(4) Item A from Youtube at 94.6 MB was reloaded into PremPro and with no changes whatsoever was exported back to a .MP4 and bloated to 410.2 MB.

    1. Guys when you have your final movie, if the bloating is killing you, upload to Youtube (free) and download again using Clipconverter if you want 1920 resolution. does a good job but limited to 1280. I find the quality more than satisfactory (have a look at some of the latest 1920×1080 You Tube rock videos on a big screen) and you save the agony of searching for multiple methods to reduce a file in Premiere Pro.

    2. ADOBE WE HAVE A PROBLEM ! Firstly we urgently need test cases in your help manual that show how a movie from another source can be edited in PPro (assume same resolution and length) and for it to be exported without tear-jerking bloat. This detailed information would be very helpful.

    Secondly, if YOU TUBE can do such a great job in compression, maintain high quality and ask for no parameter setting from an inexperienced user, why can’t Adobe match You Tube and offer this alternative as an “Express Button” in Premiere Pro and Encoder ? When it comes to encoding quality for size, ADOBE, supposedly the professional tool, lags far behind YOU TUBE. Why should I have to go to YOU TUBE to compress my Adobe 50 minute movie to MP4 to fit onto a DVD ?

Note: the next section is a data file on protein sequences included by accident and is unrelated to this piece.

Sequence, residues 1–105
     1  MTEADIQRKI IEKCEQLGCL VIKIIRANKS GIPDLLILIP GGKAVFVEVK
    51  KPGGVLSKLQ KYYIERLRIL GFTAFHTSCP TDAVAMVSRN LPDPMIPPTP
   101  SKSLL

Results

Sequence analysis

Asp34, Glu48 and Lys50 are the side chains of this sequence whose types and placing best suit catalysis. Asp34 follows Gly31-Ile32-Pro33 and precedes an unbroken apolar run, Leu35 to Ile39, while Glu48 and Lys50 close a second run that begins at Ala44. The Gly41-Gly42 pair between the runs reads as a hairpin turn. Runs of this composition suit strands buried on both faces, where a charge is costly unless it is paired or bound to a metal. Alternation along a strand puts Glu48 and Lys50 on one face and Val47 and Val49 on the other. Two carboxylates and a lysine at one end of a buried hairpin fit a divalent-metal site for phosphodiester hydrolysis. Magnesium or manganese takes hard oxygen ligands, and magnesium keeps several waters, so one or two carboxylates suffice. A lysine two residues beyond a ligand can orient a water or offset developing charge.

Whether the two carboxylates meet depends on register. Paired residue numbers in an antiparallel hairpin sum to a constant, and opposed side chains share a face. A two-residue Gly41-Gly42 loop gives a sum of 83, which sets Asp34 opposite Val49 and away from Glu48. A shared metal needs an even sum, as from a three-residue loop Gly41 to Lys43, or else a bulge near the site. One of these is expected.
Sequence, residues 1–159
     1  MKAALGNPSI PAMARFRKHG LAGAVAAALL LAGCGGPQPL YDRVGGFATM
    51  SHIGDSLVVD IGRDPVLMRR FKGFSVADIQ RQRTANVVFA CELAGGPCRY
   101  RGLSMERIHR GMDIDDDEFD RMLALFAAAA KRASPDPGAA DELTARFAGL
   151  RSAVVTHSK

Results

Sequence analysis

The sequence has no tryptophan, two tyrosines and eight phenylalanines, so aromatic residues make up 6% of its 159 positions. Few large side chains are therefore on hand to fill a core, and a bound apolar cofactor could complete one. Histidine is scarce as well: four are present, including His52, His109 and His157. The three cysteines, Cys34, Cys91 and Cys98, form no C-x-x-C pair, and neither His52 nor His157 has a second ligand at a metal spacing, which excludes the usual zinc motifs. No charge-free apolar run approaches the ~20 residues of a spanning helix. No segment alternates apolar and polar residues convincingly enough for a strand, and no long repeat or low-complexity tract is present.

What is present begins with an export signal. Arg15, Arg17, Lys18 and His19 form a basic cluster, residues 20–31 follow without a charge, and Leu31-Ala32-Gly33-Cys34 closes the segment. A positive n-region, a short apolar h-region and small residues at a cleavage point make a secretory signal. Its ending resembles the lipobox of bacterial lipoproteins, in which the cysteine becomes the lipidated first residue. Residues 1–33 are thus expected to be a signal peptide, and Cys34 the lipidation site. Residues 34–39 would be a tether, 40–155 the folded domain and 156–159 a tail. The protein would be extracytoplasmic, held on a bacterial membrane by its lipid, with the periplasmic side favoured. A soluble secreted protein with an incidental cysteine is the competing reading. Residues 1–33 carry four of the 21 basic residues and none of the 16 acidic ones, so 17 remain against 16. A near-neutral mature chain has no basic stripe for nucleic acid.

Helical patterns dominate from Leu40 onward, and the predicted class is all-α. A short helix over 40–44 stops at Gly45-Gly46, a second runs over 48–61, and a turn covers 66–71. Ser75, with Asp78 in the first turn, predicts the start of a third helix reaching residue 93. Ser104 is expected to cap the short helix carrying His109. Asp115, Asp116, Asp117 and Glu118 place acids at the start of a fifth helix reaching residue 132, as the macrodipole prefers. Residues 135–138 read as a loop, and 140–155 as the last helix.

• Are Pi

    August 22, 2016 at 11:03 am

    Alright so since you guys are giving a lot of value in this tread with a good few years of distance from eachother i thought id come by and drop my 2 cents here.

    Im using premiere CC and I noticed that the estimated vide file size what you see in the “make movie” window is really just an educated guess from premiers part regarding the size of the video. After tweaking the settings a tad bit I managed to get half the estimated size off of an actual render.

    So that being said my guess is that every or at least most settings count in the make movie window regarding the size and quality of the file. Also I believe that a Premiere Render Nirvana exists where you CAN get awesome quality and video file size but it never will be just so good as the youtube counterpart. Premiere must use a different rendering technology or rather YT uses a more advanced next gen render technology which completely blows by the competition (im just guessing).

    Also I think that youtube spent probably millions(if not tens of millions) of dollars on perfecting the encoding technology which Adobe could not afford to do when making the sofware thats why we get much better size/qualty ratios in YT.